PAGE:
Making phones ring with Tropo

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If you ask Adam Kalsey what Tropo is he is very quick to reply “Write a line of code, make a phone ring.” I heard that at least a hundred times Saturday. I probably need to explain that Tropo’s boot is always one of the most popular at any show. Not because Adam gives away T-Shirts but because he gives away very cool looking T-Shirts. Not your usual conference T-Shirt fare. So during the course of the day, EVERYONE comes up and asks what Tropo is. Most listen politely for a few seconds and then ask for a T-Shirt. You can always tell the developers in the crowd because the API is more interesting that the swag to them.

I sat down yesterday to play with Tropo’s API and see what all the fuss was about. An hour or so later, I was actually making my phone ring.

First Steps

As with any good API, the first steps are to register for an account. Once you have an account, you can create applications. I should note that the example I will be showing here is the equivalent of “Hello World”. It is brain-dead simple and kind of stupid but it let me play with the moving parts. I wanted to write an application that would call a number and tell them something. In my mind, the real-world example of this would be using it to hook into monitoring systems to have the system call me when a server’s load gets too high, or my inventory levels are below a set point. However, demos are never the real world so I decided to have it call the Lovely and talented Kathy and tell her how much I love her.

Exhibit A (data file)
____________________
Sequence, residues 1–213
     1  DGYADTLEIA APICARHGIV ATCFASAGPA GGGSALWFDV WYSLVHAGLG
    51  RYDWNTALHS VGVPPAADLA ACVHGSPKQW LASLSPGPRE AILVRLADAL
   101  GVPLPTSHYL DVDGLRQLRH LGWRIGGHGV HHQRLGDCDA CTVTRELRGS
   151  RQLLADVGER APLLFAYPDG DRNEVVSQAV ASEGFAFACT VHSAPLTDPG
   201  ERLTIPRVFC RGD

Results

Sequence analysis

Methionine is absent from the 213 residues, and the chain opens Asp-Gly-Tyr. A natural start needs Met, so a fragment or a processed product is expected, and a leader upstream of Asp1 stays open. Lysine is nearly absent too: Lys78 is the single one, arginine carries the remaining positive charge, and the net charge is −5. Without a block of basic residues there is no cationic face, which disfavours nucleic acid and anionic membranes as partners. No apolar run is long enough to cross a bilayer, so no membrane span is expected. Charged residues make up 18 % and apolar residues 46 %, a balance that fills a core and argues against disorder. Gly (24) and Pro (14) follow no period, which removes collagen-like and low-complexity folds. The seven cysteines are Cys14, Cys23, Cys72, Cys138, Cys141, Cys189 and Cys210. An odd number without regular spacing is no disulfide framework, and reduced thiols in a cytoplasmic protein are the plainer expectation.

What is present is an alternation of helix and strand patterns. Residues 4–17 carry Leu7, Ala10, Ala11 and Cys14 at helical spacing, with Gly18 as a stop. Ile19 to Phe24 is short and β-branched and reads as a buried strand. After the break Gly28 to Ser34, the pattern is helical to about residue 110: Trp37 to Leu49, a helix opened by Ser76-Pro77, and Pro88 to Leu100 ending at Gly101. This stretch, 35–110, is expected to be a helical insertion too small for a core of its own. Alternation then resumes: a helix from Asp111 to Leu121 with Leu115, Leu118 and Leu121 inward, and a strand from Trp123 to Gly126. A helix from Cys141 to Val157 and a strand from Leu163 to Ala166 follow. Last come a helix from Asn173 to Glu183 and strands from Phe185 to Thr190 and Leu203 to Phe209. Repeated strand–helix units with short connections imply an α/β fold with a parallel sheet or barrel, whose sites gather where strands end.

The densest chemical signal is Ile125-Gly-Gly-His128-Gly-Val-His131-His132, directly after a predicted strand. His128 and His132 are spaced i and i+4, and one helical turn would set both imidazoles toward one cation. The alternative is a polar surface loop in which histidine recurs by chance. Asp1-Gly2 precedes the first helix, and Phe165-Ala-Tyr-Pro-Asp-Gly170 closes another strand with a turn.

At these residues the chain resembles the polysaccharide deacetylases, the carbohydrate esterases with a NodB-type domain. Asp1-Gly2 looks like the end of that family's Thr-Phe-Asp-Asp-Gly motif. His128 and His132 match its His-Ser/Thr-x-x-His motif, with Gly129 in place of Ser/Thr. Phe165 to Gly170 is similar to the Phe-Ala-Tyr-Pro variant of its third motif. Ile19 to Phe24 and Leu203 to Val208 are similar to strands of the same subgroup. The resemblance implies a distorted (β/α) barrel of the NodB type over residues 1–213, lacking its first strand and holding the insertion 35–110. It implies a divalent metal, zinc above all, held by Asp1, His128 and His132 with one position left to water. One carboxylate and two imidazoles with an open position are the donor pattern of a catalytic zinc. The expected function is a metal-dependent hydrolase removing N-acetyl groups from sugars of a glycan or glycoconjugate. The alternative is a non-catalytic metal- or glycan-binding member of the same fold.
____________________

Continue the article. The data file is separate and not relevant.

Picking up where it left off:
Before I could write my application though, I had to decide, WebAPI or REST API. If you look at the home page of the Tropo Docs this is a choice presented to you. This was my first point of confusion. For better or for worse, REST, in my mind, is tied to the web. Therefore asking me if I wanted Web or REST seemed like asking me to choose between paints colored “Egg shell” and “White”. It took a bit of digging around to figure out exactly what the difference was. WebAPI is what you want if you want to use their PHP library to write code that runs on your server, talks to Tropo, and makes things happen. Before you nod knowingly and decide that this is what you want, think it through. Latency is a fact of life on the web, but not on the phone. If your app has decisions that need to be made during the call, latency can make the difference between a positive customer experience and a negative one. Granted, the “Hello World” I am showing here could have easily been written using WebAPI. However, I chose the easier of the two, REST API combined with Tropo hosting my files.

The code that rings the phone

As you can see, the code is a bit more generic than just call a specific number and give a canned message. This file is actually hosted on Tropo’s servers. As you can see, for the most part, it is straight PHP. There are a couple of things you need to know up front though that I didn’t easily find. First, _log(). is your friend. it’s the Tropo equivalent of var_dump(). Anything you need to take a look at, you can _log(). As you can see, I am dumping the two parameters passed into the script, $numToCall and $payload. While this is interesting, the logger already logs the variables and their contents as it instantiates them. Anything you _log() shows up in the application debugger.